I‘m a liberal leaning outdoorsman attempting to open the minds of right wingers to the idea that libs fish too. Anglers come from all walks of life, left, right, and center. Not everyone who fishes for bass is a redneck fond of Nascar, country music, and religiosity. Expect posts about largemouth bass fishing, techniques, reviews of lures and other products, but not any condemnable conservative rants. I hope to inspire the online angler community to dial down rhetoric which will do more harm than good to our sport.

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Saturday, July 12, 2008

• Creme Worms: Rigged Angle Worm

http://www.cremelure.com/store/store_product_detail.cfm?Product_ID=105&Category_ID=1

The Creme company makes a number of different types and sizes of plastic worms among other things. I've had the best luck on their small pre-rigged Angle Worm. Whether it be sunfish, crappie, bass, or catfish, these tiny worms do the trick. One worm comes rigged and also included in the package is an extra worm. For around 99 cents to a little more than one dollar, it's a heck of a bargain for what it can catch. They cost $1.88 through the Creme web site though. That means shop around.

The worm measures 2 1/4 inches in length. The rig is comprised of two hooks, six plastic beads, and a small prop that may or may not spin while moving the lure. The first thing I do is rethread the bottom hook through the worm a little further down the body. When rigged as is, you'll miss a lot of hits from fish just hitting the bottom of the worm. The company currently offers this worm in live, red, yellow, chartreuse, and white colors although in the past, they were also available in purple. If I'm not mistaken, I believe I have also seen them in black.

I typically rig them with a float of some kind. I tend to use one of those round orange bobbers and add a split shot an inchor two below it for a little extra weight and casting distance. I find myself always adjusting the depth the worm sits at. I usually aim for about a foot to two feet down from the bobber.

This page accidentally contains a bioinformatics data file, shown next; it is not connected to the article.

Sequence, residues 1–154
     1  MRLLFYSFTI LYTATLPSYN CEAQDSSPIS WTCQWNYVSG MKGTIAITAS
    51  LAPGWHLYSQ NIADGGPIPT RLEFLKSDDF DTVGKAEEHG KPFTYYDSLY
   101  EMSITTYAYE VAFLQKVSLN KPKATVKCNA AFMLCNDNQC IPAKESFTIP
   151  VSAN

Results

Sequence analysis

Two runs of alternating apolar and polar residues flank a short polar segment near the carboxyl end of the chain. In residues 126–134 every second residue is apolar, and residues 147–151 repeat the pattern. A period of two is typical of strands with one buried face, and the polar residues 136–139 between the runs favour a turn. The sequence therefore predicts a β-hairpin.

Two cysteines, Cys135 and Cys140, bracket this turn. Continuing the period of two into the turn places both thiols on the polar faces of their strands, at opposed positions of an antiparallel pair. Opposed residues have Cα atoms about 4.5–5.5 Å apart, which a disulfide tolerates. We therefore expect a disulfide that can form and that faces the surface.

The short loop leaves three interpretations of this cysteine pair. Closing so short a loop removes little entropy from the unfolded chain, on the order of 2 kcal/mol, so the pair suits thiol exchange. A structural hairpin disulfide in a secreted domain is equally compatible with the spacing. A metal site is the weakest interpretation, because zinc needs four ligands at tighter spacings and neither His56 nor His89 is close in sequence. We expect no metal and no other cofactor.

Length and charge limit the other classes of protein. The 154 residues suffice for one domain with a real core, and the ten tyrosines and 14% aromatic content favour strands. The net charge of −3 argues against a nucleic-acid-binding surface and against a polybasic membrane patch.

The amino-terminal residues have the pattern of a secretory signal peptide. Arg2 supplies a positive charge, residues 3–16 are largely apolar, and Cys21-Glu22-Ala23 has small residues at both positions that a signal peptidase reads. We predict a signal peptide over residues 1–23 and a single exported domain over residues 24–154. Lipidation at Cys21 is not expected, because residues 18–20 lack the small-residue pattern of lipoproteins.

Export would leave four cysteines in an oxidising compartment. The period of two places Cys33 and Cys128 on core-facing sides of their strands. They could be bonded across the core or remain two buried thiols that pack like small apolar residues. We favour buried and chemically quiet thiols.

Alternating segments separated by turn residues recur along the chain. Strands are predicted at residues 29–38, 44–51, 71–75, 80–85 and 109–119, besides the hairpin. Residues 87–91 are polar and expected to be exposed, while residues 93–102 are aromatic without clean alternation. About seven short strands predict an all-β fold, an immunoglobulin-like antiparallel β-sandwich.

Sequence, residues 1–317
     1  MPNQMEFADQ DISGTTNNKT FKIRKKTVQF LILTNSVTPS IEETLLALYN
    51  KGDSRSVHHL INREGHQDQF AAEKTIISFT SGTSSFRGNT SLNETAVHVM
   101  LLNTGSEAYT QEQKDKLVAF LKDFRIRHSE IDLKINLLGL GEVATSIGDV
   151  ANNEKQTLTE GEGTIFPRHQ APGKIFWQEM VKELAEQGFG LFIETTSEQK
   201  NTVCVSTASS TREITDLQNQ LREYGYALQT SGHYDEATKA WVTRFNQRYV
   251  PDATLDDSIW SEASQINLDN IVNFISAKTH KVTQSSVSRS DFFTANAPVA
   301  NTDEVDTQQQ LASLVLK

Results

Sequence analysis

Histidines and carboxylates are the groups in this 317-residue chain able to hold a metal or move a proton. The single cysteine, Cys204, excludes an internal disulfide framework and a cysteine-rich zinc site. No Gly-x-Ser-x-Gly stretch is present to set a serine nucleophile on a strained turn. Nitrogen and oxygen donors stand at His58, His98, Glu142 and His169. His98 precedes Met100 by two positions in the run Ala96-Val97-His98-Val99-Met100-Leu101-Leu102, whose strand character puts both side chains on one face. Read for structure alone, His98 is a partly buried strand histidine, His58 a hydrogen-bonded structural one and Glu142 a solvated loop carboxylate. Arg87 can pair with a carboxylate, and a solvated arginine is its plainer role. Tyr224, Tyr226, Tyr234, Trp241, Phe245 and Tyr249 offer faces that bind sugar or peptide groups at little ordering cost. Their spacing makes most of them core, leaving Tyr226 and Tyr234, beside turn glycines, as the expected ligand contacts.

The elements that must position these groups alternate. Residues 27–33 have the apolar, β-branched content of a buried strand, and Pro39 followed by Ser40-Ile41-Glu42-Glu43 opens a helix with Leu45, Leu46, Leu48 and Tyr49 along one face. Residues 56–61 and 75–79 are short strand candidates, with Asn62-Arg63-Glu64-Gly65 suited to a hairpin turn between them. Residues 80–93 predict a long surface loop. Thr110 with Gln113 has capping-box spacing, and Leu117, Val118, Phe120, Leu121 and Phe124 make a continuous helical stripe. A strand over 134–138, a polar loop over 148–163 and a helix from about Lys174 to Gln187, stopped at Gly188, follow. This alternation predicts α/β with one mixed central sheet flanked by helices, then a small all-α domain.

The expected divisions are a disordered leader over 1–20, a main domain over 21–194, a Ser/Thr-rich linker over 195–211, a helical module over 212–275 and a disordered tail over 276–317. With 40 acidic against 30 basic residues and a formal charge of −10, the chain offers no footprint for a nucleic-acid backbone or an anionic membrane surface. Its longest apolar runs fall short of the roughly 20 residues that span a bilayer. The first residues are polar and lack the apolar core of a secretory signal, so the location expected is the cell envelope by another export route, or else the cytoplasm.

When I fish this rig, I cast it out and let the worm drop. It depends on what I'm fishing for, but usually I'll get a strike right away once the worm settles. Many times the strike is far too quick and I miss little sunfish. Sometimes the fish starts swimming with it and the bobber will simply start drifting off to one side. Little bass seem to bite like that more than other fish. If I don't get a hit after 10-15 seconds, I'll either lift the rod ever so slightly towards me and let it sit again. Sometimes I'll move the bobber using the reel turning about a half crank. Most of the time I'll just reel the whole thing in and start again. Working it back slow does draw strikes, but it's not as productive so I don't waste my time. If you're out on the water just for fun, try rigging up one of these worms. If you're in a tournament, this rig might get you a quick limit.

The worm will eventually start sliding down the hook or come loose. Just thread it back on and continue fishing. These worms can be ripped up at either end and still catch fish. The hooks are not very strong and I've had 3lb largemouth bass bend the hooks and get loose. An occasional gar might take interest in the worm as well and although I've landed one with this lure, I wouldn't rely on the hooks to hold a gar for very long. You can buy the worms in bulk from the Creme web site last I checked. I'm not sure if it's really worth buying the worms that way. Creme makes a similar worm albeit a little longer called the Midjit Crawler, but it doesn't seem to draw as many strikes.

If you were looking for a catch-all bait, this is your lure.

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